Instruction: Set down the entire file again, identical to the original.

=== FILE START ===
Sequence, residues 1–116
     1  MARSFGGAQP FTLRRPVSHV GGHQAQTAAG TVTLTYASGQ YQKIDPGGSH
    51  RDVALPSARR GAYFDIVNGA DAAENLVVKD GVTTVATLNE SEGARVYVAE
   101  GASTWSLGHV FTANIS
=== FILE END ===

Sequence, residues 1–116
     1  MARSFGGAQP FTLRRPVSHV GGHQAQTAAG TVTLTYASGQ YQKIDPGGSH
    51  RDVALPSARR GAYFDIVNGA DAAENLVVKD GVTTVATLNE SEGARVYVAE
   101  GASTWSLGHV FTANIS